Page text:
Gen. Qasem Soleimani, the head of the Quds (Jerusalem) Force of Iran’s Revolutionary Guards, is among the most popular public figures in Iran, where supporters see him as a selfless national hero who has been fighting Iran’s enemies.
For his critics, however, Soleimani is a notorious terrorist, who has the blood of American soldiers and many Syrians, Iraqis and Lebanese on his hands.
The purpose of this report is not to judge his actions, but to shed light on some of the reasons that could explain his unusual popularity among Iranians.
Soleimani was born in the province of Kerman to a peasant family with limited financial means, and later worked as a construction worker before joining the Islamic Revolutionary Guard Corps (IRGC) in 1979. His background played a role in shaping him as a religious man with pragmatic goals.
Soleimani has commanded the Quds Force, the external arm of the IRGC, for more than 20 years. It is widely reported that in the immediate aftermath of the Sept. 11, 2001, al-Qaeda attacks in the United States, he indirectly cooperated with American intelligence and military forces in Afghanistan to overthrow the Taliban.
Iran initially also supported the U.S. invasion of Iraq but changed course and fought U.S. forces through Iraqi Shi’ite proxies as the U.S. occupation continued.
Soleimani remains the chief strategist of Iran’s external military actions including the fight against the so-called Islamic State in Iraq and Syria. As Iran’s intervention has intensified, he has become a public figure, and a symbol of Iranian power projection in the region.
Soleimani’s pictures began appearing in 2014 on social media, including on numerous Instagram accounts, with some of them reaching more than 190,000 followers. A recent survey conducted by the University of Maryland’s Center for International and Security Studies (CISSM) reveals that his popularity in January 2016 stood at 73 percent. By December 2016, this figure rose to 74 percent.
His popularity stems largely from the Iranian mindset and the appreciation for selflessness and modesty.
Iranians have a strong inclination to create national heroes, whether they be mythological as in the epic Shahnameh or soldiers who have paid the ultimate price in battle. In post-revolutionary Iran, billboards are filled with portraits of those who sacrificed their lives in the service of the revolution and country, especially in the 1980-88 Iran-Iraq war. Nevertheless, these heroes are long gone, and the new generation needs a living hero. The Iranian government has cunningly presented Soleimani as a national hero, who has earned the respect even of his adversaries.
Using the increasing threat of ISIS and the protection of the tombs of prominent Shi’ite figures as pretexts, the Islamic Republic dispatched Soleimani to Iraq and Syria to shore up the Baghdad government and the regime of Bashar al-Assad. Soleimani is the highest ranking Iranian officer who has been active on the frontlines, practicing a “lead from the front” command style. For his supporters, Soleimani is the hero who fights ISIS, protects sacred monuments, and preserves Iran’s interests in the region.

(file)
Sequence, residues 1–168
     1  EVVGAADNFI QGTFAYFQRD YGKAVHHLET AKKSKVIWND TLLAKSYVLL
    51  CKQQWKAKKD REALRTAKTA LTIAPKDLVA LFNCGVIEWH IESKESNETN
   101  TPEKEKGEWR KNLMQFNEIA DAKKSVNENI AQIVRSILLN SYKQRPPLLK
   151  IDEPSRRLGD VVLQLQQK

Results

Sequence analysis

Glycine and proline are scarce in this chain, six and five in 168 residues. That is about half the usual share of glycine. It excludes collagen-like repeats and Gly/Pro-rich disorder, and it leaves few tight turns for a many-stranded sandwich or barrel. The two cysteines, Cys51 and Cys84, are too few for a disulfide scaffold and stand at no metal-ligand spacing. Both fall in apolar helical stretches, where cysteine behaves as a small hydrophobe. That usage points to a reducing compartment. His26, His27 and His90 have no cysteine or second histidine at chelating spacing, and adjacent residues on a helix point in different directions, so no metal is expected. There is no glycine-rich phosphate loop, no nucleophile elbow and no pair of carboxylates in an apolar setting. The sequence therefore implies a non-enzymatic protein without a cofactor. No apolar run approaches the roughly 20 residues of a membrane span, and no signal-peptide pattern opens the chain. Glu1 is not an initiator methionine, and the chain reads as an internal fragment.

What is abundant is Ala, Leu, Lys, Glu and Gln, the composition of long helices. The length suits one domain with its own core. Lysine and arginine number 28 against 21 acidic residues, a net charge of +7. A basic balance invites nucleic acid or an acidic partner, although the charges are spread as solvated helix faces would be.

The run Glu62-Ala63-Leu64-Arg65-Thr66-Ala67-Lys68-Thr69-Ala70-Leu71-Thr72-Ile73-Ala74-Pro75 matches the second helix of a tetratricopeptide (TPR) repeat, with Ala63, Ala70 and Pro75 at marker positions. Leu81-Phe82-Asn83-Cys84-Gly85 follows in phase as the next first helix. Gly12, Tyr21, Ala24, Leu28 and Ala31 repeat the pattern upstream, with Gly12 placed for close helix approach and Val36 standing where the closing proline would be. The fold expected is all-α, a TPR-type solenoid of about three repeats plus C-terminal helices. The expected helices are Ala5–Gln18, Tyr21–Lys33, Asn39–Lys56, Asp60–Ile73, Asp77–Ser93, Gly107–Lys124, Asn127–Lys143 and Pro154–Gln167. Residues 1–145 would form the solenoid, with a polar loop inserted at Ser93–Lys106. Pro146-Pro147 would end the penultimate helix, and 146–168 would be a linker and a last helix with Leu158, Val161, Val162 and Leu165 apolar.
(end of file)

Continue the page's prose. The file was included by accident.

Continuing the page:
Another possible reason behind Soleimani’s popularity among Iranians is his apparent lack of interest in domestic politics. Unlike his fellow IRGC commanders, who have run for political offices, Soleimani has largely refrained from getting involved in the politics of Iran, avoiding political partisanship. Instead, apart from his “selfies” in Iraq and Syria, he has remained in the shadows at home, with occasional appearances during official celebrations or at funerals.
Dr. Sadeq Zibakalam, a professor of political science at the University of Tehran, and a supporter of the reform movement, has argued that Soleimani is trusted by reformists and conservatives alike, because he has stayed away from domestic politics and remained focused on his duties outside Iran.
In September 2016, rumors began spreading that Soleimani might run for president in May 2017. However, he quickly denied any political ambitions, and stated that he would remain a “humble soldier” of the Velayat (Supreme Jurist or Leader).
It is interesting to note that his supporters sometimes call Soleimani by the name “Haj-Qasem” or even “Sardar-e Delha,” the commander of hearts. He has created an image of himself as a selfless soldier who has sought martyrdom in the “mountains and valleys.” Unlike his fellow IRGC commanders who are dressed in uniform, Soleimani is mostly seen wearing khaki pants and shirts in the battlefield. He also projects a fatherly image. In March 2015, a video of him appeared on the Internet, in which he advised one of his young supporters to be respectful to his parents and to fulfill their wishes. These characteristics support his image as a charismatic, yet modest soldier.
In general, one can argue that his popularity is rooted in the Iranian mindset, and the strong inclination to support charismatic and humble leaders. Both Persian culture and Shi’ism value greatly the characteristics of selflessness and modesty that Soleimani projects.
His influence and ubiquity, like that of Keyser Soze, the fictional character in the movie Usual Suspects, has earned him legendary status in Iran and the Middle East. Unlike Soze, however, Soleimani’s role in shaping the geopolitics of the region is no longer in the shadows. He is now Iran’s celebrity warlord.
Sina Azodi is a former Research Assistant at the Woodrow Wilson International Center for Scholars and a graduate of Elliott School of International Affairs (B.A & MA), George Washington University. He focuses on Iran’s foreign policy and U.S.-Iranian relations. Follow him on Twitter @azodiac83